Why would you use Evernote?

Have you ever been somewhere like at the hospital filling out forms and you needed your husband’s or wife’s or child’s social security number? Or your license plate number for a hotel registration? Or you’re in the bookstore or the library and can’t remember the name of that book you heard about last week and wanted to read? That’s just the tip of the iceberg.

How does John use Evernote?

  1. I have a notebook set up in Evernote where i collect quotes (one of my passions). I currently have around 2500 quotes in the notebook and every author is tagged by name so that with one click i can see every quote i have from Benjamin Franklin, Abraham Lincoln, Albert Einstein, or anyone else. I have made this notebook a shared folder so that anyone who uses Evernote can have a copy of my quotes notebook in their Evernote.  Just send me a request via the Contact John page and I will send you a link.
  2. I have a Health folder where i copy and paste all kinds of blogs and articles relating to health, supplements, exercise, diabetes,and more.
  3. I have a notebook set up for articles, recommendations, reviews and more having to do with books and reading.  It also contains my books to read list.
  4. I have a notebook for music reviews, articles, information about audio equipment, audio files, and my music wish list.
  5. I have a notebook with personal and  family documents i have scanned into Evernote. Things like my wife’s teaching certificate, our driver’s licenses, social security cards, lease, marriage license, birth certificates, etc.
  6. I have a notebook set up for making daily Journal entries. I admit that this is an as yet unrealized aspiration, but the structure is there to enable me to do it. I just need discipline to make it happen.
  7. I have a notebook with sub notebooks under it that contain the Keynote presentations and all my preparation notes for the Adult CE classes i’ve taught over the past 5 years or so.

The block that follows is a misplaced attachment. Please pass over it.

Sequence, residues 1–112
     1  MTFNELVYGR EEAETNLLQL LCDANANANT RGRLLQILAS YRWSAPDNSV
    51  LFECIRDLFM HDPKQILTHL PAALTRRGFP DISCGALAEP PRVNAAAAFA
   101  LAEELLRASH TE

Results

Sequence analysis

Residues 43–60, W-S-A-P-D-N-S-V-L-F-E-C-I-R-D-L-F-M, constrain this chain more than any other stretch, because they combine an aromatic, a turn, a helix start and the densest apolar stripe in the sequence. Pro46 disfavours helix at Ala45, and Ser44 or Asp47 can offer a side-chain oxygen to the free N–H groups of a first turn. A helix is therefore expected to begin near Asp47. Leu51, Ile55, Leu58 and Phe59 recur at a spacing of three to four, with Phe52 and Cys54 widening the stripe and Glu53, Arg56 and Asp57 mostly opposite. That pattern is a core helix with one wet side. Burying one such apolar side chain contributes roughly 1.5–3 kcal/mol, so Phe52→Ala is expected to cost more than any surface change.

How much does Evernote cost?

This is the best part! There are three price points for Evernote. There is a free version, which for many people is all they may need. The program itself is not in any way crippled in the free version. Here is a description and costs for each of the three plans.

Basic – this is the name they use for the free plan.  Obviously there is no cost.  You can use Evernote with all its features including syncing all your data across all the places you have it installed. You can share and collaborate with others.

Plus – this is the name of the middle lever plan. In addition to the Evernote program with sync and sharing, there are several additional features. This plan costs $25 per year. Here’s what you get in addition to the Basic plan:

  • An Evernote email account. You can clip information or put anything into an email, including attachments like pdf’s and email them directly into your Evernote data. I use this feature daily.
  • You gain the ability to access all or some (your choice) of your data when you don’t have an internet connection.
  • You can put a passcode on your data to protect it from access by someone using your computer or phone.

Premium – This is the plan I have used for the past 4 years. It costs $50 per year and for me it is easily worth it. In addition to all the Plus features you can also:

  • Have unlimited uploads with no monthly data cap
  • The ability to make your notes into presentations from right within Evernote
  • Evernote will automatically show you links to content you have in other notes which relates to the note you are currently accessing or writing.
  • Ability to annotate pdf files you have in Evernote
  • Most importantly to me and the reason that i use the Premium plan: Evernote will OCR and index all of your pdf and Office files that are in Evernote. This is huge! The OCRing and indexing is done on Evernote’s servers and usually only takes an hour or so to be finished once you enter the file into Evernote. Then you can search through those pdf and Office documents using Evernote’s search function.

I hope this post has given you a glimpse into just some of the things you can do with Evernote. I will be making a second post soon which will use screenshots from my computer and iPad showing you some really great tricks of how to get information into Evernote quickly and easily.

BTW, you can get Evernote for free and also sign up for any one of the three plans at Evernote.com

Here’s a link to Evernote Post 2: How to Evernote John’s Way!